Hi from me!
I can't believe it's March already!
Did you know I have a new logo? Paula from Red Panda Graphics helped me with this little project. I thank her for being so patient, especially for putting up with the number of changes I made :).
How's everyone's New Year resolutions going? Mine is still a work in progress, I would like to be more disciplined with keeping in touch with you all on a regular basis, at least every 4 months through a newsletter/blog like this one. I'm sure you'll be happy to hear that they won't be as big as this one :).
The Federal Budget is happening a little earlier this year, 2nd of April. It'll be interesting what comes out of that as usual. I shouldn't admit to getting excited about something that's so boring should I ;)
Claims for home office expenses increased
The ATO has updated the hourly rate taxpayers can use to determine deductions for home office expenses from 45 cents to 52 cents per hour for individual taxpayers, effective 1 July 2018 (i.e., from the 2019 income year).
According to the ATO’s recently updated PS LA 2001/6, individual taxpayers who claim deductions for either work or business-re
lated home office running expenses may either:
claim a deduction for the actual expenses incurred; or
calculate the running expenses at the rate of 52 cents per hour.
Taxpayers who use the rate per hour method to claim a deduction for home office running expenses only need to keep a record to show how many hours they work from home.
This reduced substantiation requirement can be recorded either:
during the course of the income year; or alternatively
they can keep a representative four-week diary (where their work from home hours are regular and constant).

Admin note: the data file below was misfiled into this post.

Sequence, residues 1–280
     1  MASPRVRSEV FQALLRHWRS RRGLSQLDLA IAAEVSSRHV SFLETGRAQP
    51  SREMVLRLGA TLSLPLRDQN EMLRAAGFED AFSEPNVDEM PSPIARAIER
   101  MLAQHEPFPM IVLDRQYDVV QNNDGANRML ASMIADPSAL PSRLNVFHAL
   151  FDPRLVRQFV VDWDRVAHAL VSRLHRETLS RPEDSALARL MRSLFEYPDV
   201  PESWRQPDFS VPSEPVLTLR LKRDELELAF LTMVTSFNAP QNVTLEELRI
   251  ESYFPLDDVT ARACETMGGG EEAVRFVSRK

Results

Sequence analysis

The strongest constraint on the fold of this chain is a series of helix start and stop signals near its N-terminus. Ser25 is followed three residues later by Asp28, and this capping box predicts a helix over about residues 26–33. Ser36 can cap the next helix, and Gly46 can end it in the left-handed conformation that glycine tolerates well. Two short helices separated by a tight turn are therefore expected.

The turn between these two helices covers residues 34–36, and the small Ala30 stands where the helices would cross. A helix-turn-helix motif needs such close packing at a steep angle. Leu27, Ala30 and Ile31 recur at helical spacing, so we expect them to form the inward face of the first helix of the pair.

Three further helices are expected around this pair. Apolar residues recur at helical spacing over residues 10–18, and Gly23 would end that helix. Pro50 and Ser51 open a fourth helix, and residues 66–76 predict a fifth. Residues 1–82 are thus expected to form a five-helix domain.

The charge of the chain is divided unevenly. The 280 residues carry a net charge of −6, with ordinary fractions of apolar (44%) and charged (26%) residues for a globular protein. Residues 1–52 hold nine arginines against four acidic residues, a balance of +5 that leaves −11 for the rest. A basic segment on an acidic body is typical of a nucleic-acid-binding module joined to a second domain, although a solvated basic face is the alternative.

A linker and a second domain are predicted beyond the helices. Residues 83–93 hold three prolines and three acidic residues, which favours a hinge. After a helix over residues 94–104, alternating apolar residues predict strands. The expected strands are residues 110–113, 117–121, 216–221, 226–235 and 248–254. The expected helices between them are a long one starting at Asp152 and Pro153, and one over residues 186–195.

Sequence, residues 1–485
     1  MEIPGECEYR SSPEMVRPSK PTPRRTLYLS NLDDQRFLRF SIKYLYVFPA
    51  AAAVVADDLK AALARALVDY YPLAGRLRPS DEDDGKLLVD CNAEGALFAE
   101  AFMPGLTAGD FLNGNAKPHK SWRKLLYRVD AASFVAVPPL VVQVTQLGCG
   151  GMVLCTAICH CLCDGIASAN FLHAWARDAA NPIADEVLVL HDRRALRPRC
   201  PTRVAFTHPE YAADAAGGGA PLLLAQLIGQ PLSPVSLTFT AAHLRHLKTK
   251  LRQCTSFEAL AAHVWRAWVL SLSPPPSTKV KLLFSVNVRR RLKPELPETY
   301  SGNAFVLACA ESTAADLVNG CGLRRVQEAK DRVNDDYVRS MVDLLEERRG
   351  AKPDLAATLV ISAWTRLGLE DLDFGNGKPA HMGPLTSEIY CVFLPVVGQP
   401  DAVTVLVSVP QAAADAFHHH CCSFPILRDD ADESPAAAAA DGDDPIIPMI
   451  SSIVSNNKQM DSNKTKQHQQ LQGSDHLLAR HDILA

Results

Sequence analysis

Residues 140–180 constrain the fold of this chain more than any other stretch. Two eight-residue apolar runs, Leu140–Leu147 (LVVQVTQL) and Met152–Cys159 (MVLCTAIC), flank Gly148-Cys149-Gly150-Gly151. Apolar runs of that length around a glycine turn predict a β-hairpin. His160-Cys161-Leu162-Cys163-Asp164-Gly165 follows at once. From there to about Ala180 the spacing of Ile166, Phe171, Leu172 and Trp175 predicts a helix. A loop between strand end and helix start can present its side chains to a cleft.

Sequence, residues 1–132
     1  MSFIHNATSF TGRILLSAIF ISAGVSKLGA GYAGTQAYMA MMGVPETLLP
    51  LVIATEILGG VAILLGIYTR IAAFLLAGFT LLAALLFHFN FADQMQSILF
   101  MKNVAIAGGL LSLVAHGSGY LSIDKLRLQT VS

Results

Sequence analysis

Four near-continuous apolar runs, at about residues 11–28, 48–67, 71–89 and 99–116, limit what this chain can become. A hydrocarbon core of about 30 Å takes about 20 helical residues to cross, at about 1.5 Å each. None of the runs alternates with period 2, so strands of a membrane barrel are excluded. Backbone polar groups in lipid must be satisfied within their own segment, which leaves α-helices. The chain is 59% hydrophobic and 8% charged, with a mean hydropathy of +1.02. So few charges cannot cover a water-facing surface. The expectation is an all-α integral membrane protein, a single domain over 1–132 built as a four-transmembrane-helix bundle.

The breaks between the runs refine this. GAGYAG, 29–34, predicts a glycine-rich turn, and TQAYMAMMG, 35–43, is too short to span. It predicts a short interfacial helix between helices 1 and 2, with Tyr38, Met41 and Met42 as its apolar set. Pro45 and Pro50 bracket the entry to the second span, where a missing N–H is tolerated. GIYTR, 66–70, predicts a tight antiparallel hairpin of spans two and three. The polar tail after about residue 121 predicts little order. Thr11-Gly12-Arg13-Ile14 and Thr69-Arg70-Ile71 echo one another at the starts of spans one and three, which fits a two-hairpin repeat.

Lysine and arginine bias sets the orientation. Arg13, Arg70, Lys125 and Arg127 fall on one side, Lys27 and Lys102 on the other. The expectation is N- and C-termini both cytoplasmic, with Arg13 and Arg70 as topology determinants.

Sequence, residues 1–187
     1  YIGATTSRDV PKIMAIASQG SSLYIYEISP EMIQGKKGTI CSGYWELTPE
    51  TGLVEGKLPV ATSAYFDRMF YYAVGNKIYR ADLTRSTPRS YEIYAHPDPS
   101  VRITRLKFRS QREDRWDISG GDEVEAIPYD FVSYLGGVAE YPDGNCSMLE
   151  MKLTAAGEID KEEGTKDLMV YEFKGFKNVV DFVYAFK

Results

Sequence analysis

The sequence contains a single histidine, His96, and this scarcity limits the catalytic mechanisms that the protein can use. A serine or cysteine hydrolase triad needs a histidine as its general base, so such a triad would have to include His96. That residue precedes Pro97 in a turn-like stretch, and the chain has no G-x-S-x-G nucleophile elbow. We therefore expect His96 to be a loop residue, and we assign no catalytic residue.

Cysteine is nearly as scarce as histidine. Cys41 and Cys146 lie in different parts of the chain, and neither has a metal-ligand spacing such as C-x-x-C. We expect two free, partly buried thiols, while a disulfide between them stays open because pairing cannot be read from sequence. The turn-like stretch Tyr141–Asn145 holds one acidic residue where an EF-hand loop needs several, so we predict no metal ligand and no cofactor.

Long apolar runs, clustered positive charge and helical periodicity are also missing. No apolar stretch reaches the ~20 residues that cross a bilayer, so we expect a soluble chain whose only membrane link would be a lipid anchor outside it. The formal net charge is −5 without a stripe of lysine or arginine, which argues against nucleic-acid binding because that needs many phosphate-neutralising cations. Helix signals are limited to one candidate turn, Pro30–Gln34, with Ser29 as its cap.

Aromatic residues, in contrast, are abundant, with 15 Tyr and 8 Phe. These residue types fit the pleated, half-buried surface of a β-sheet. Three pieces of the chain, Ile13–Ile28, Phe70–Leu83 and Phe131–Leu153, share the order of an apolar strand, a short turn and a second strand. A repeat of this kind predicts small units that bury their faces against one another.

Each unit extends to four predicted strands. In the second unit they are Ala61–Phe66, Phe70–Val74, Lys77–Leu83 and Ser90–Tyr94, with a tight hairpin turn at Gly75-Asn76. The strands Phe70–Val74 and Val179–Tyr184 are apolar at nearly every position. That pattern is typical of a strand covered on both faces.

The Mid-Year Economic and Fiscal Outlook (‘MYEFO’) report was recently released.
It indicates that the underlying Budget deficit is expected to be $5.2 billion in 2019 (down from the $14.5 billion deficit estimated in the 2018/19 Federal Budget).
The substantial deficit reduction is reportedly a result of increased tax collections, with individual tax collections up $4.1 billion and company tax collections up $3.4 billion.
Additionally, the MYEFO report also provides a useful snap shot of what the Government is thinking when it comes to tax policy – particularly where previously announced reforms are still pending.
A few tax-related policy updates confirmed in the MYEFO worth mentioning include the following:
$10,000 cash payment limit – The Government will delay the introduction of an economy-wide cash payment limit of $10,000 from the originally proposed 1 July 2019 start date, until 1 July 2020.
GST compliance program – The Government is looking to provide $467 million of ATO funding from 2020 to 2024 to fund additional GST-related audits and the development of analytical tools to combat emerging risks to the GST system.
Abandonment of the proposed changes to intangible asset depreciation – The Government has announced it will not be proceeding with the current proposal to allow taxpayers to self-assess the effective lives of certain intangible depreciating assets.
Super access for victims of crimes – The Government proposes to introduce legislation to allow victims of certain crimes (i.e., serious violent crimes) access to their perpetrator’s superannuation to pay any outstanding compensation.
Increasing the integrity of limited recourse borrowing arrangements (‘LRBAs’) – The Government is making an adjustment to the previously announced reforms requiring outstanding balances of LRBAs to be included in a member's total superannuation balance by extending the start date and limiting impacted taxpayers.
Superannuation guarantee (‘SG’) penalty increase – Where employers fail to come forward during the 12-month SG amnesty, the Government is proposing to increase the minimum penalty from 50% to 100% of the Superannuation Guarantee Charge.